Protect an entire species.
Western lowland gorillas, like Djala are threatened with extinction due to habitat loss, poaching and the bush-meat trade. Gorillas can climb trees, but are usually found on the ground in communities of up to 30 individuals. These troops are organised according to fascinating social structures. Troops are led by one dominant, older adult male, like Djala, often called a silverback because of the swath of silver hair that adorns his otherwise dark fur. Troops also include several other young males, some females, and their offspring.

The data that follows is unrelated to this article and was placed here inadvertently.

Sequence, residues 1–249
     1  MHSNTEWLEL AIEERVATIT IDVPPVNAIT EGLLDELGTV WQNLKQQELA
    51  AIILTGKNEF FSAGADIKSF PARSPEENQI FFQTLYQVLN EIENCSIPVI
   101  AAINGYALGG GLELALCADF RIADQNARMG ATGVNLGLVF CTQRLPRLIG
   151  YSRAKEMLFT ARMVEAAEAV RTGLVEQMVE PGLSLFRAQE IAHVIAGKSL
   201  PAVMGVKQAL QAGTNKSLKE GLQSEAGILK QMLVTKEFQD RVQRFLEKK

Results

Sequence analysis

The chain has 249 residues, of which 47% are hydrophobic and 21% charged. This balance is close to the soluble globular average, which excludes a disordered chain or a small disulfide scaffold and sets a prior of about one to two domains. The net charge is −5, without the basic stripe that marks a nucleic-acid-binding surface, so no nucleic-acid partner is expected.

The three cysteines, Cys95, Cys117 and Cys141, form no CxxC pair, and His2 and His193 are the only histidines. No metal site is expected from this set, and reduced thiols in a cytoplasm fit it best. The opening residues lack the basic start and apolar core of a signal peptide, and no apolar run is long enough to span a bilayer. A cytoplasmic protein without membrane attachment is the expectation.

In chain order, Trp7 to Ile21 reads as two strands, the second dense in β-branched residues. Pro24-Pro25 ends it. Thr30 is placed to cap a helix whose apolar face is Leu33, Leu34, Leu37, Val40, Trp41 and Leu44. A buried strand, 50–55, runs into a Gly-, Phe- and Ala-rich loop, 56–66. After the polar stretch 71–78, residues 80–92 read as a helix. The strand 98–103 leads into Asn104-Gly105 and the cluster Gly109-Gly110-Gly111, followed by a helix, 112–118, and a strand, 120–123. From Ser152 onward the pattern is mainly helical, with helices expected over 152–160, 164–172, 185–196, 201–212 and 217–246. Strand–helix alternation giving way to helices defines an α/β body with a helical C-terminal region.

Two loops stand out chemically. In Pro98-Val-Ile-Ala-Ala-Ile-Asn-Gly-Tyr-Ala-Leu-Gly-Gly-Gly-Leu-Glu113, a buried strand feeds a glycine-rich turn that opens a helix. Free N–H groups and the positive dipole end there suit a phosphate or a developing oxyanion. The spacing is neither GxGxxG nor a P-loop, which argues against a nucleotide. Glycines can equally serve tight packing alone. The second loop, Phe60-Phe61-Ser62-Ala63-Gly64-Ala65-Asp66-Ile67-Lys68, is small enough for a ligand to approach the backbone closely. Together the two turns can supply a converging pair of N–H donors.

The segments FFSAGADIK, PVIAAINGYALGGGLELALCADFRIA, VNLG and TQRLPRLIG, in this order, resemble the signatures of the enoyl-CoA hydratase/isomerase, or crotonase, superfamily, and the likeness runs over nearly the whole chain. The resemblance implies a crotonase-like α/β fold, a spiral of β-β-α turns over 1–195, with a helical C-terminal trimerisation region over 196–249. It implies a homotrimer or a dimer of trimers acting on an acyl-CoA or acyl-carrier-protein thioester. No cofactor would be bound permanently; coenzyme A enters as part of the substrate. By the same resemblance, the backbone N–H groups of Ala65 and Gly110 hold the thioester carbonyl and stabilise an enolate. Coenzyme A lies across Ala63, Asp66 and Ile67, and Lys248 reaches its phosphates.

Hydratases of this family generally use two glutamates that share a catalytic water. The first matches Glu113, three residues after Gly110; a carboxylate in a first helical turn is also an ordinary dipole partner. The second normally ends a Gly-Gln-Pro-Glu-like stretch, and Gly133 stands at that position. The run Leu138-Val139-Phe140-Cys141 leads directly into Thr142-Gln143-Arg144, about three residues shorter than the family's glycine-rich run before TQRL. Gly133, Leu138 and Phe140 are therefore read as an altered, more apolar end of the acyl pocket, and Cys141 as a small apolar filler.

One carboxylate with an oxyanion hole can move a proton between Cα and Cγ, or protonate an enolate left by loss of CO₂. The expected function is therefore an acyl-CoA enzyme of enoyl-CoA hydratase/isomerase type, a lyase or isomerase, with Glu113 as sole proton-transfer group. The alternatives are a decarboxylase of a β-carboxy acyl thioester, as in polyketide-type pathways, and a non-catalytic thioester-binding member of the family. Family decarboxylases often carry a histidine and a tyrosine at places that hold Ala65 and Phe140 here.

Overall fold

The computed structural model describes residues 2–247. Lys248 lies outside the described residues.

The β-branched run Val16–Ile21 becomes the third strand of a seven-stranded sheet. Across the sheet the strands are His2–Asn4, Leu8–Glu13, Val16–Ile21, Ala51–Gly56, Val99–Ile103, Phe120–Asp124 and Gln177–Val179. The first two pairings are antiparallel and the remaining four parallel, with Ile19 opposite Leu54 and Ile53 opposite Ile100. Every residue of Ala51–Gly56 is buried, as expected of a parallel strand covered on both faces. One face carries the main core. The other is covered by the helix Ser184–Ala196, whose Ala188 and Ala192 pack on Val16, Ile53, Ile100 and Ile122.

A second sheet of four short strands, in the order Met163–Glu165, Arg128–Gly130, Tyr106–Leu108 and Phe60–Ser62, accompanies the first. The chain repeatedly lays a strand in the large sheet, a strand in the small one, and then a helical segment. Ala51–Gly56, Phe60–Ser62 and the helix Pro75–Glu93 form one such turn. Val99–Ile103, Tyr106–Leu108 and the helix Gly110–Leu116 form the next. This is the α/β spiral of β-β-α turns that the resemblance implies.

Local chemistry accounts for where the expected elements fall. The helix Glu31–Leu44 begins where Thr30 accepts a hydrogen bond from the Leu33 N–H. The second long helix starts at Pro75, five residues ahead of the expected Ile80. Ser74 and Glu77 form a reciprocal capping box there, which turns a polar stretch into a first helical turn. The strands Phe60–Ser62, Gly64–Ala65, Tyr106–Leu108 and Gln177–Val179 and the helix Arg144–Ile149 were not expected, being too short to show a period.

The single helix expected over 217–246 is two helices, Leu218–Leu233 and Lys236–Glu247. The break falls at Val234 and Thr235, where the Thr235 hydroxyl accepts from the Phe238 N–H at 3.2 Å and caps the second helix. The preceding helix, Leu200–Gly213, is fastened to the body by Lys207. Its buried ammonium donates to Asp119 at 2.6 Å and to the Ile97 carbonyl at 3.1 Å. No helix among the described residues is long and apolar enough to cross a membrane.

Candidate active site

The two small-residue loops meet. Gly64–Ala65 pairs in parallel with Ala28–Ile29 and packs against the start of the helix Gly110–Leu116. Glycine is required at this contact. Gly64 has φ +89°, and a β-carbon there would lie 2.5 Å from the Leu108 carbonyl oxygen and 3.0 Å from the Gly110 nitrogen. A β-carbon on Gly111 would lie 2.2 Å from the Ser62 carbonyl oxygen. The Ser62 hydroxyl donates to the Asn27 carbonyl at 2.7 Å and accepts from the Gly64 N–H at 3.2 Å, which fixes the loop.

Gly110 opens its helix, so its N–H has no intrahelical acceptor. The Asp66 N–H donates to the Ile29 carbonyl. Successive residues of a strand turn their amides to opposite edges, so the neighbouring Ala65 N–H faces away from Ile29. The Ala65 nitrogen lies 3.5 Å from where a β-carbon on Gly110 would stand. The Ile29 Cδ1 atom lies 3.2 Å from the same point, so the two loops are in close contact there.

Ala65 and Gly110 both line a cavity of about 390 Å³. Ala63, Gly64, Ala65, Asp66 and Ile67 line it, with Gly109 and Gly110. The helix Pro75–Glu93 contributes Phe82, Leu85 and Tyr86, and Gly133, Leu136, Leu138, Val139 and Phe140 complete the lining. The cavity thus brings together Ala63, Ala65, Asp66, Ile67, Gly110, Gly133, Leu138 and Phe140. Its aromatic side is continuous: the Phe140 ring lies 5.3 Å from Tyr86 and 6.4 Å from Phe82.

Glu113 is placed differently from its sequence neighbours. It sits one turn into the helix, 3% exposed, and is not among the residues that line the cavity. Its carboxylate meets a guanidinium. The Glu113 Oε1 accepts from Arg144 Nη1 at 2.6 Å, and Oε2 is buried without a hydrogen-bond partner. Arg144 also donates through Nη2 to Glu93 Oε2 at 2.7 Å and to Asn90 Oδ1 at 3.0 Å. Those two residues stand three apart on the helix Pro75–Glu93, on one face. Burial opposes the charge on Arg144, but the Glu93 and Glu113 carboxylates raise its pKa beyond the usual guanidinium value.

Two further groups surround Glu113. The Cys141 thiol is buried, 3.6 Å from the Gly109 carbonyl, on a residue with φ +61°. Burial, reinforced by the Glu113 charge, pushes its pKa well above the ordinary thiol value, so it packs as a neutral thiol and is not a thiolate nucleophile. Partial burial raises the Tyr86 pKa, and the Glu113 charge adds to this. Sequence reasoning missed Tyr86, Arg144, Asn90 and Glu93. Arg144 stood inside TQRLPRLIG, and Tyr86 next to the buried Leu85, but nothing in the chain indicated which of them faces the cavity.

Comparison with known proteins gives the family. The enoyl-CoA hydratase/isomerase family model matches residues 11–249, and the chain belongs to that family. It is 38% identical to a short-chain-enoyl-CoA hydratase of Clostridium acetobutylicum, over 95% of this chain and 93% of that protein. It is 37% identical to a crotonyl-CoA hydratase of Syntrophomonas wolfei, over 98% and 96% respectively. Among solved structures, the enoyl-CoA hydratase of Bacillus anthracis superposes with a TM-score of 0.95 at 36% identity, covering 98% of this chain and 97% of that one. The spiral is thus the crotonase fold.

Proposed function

Djala was rescued from certain death by The Aspinall Foundation. He was born a wild gorilla, sadly within the first 6 months of his life he lost his mother and family to poachers. Djala moved to Howletts in 1986, one of the last gorillas to be legally exported from their native country. Djala has taken leadership and fatherhood in his stride. He is proof that out of bad can come good.
Djala is now on a journey. Back to a protected area in Africa. Back to the wild. Djala’s journey has already taken him 3500 miles from Kent to Africa and onto a 10 acre island in order to habituate to the climate and habitat. They are being closely monitored to enable us to make suitable plans for the future.
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